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Chinese Premier Says Beijing Concerned About Possible North Korean Missile Launch


The Chinese premier has said his country is concerned about reports North Korea is preparing to launch a long-range missile. This is the first time a top Chinese official has spoken out about the issue.

Premier Wen Jiabao Wednesday said Beijing is paying close attention to information showing Pyongyang may soon fire a long-range missile. He urged all parties involved in the issue to refrain from taking measures that might worsen the situation.

Mr. Wen made the comments at a news conference with Australian Prime Minister John Howard in the southern Chinese city of Shenzhen.

Australia, along with the United States, Japan, and South Korea have urged Beijing to use its influence with North Korea to try to prevent the missile launch.

Andrei Lankov is a lecturer at the China and Korea Center at Australian National University. He says although China provides most of North Korea's energy and much of its food aid, the North Korean government will not take a warning from China seriously.

"North Korea used to ignore pressures from China and Russia back in the '70s and '60s when it was completely dependent economically on Moscow and Beijing," he said. "It is quite unlikely that now any outside player can have a decisive influence on North Korea."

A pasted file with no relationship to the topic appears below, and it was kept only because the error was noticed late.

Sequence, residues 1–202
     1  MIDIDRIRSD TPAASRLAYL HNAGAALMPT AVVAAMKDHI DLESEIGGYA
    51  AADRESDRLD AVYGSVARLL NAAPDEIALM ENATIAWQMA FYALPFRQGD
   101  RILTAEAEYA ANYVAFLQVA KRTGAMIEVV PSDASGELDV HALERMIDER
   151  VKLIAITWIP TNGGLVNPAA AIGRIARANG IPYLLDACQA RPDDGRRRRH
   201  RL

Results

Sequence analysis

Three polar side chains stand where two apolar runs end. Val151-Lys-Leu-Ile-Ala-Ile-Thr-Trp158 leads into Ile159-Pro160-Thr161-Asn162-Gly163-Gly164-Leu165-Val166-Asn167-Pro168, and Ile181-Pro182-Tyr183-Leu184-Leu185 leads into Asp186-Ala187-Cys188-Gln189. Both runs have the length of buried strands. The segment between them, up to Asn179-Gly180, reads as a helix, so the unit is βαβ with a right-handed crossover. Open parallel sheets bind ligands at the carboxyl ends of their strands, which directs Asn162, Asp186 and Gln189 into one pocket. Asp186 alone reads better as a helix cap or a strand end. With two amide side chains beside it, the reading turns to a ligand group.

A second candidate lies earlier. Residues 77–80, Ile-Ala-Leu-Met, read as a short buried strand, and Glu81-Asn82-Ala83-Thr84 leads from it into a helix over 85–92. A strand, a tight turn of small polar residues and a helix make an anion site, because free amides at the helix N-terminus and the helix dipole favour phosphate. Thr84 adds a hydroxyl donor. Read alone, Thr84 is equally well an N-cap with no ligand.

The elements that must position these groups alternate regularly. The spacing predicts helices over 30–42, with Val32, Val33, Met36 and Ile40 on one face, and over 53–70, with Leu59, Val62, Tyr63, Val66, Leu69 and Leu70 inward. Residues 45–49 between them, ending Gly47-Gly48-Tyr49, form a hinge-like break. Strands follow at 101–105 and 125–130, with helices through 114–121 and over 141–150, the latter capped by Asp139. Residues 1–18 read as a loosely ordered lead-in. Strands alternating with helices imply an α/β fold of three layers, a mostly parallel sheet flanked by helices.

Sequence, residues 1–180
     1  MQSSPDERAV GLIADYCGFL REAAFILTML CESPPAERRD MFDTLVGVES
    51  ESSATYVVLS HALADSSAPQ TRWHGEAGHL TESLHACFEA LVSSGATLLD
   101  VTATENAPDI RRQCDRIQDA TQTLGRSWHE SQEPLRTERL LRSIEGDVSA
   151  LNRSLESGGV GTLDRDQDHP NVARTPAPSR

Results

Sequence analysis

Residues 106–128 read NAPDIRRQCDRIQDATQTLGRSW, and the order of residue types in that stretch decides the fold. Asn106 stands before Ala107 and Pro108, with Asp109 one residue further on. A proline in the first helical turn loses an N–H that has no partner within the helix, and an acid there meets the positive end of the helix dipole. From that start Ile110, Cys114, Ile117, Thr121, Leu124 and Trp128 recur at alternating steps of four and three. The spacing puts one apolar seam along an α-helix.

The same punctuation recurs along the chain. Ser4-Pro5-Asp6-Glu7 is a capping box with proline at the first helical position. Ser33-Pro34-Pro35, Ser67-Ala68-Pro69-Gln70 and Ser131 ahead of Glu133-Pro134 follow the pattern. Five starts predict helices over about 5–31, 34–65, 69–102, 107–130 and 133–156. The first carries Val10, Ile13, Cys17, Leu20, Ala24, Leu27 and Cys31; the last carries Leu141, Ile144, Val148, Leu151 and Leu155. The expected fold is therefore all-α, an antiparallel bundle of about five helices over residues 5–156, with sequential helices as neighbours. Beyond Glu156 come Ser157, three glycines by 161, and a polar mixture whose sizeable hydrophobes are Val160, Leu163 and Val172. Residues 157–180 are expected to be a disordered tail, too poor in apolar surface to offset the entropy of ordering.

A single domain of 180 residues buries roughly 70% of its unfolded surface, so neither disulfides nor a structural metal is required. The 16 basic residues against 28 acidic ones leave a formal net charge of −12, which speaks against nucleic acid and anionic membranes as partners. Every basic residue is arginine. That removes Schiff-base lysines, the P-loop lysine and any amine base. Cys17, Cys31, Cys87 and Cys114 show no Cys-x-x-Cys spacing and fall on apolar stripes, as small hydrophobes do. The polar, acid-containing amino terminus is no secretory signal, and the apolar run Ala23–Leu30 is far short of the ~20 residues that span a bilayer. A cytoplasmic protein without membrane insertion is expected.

Mr. Wen's comments were the first expression of concern about reports of missile launch preparations from a top Chinese official.

China and North Korea are both one-party communist states and historical allies.

China has refrained from criticizing North Korea's missile launch preparations directly. The United States, Japan, and South Korea have warned Pyongyang that there would be consequences if it goes ahead with the missile test.

Concerns over the missile launch preparations have further complicated six-nation efforts to convince North Korea to abandon its nuclear weapons programs.

Beijing has held several rounds of talks with Russia, South and North Korea, Japan, and the United States. However, negotiations have been stalled since November. Pyongyang has refused to return to talks until the U.S. lifts restrictions it imposed on North Korean enterprises for alleged illicit activities.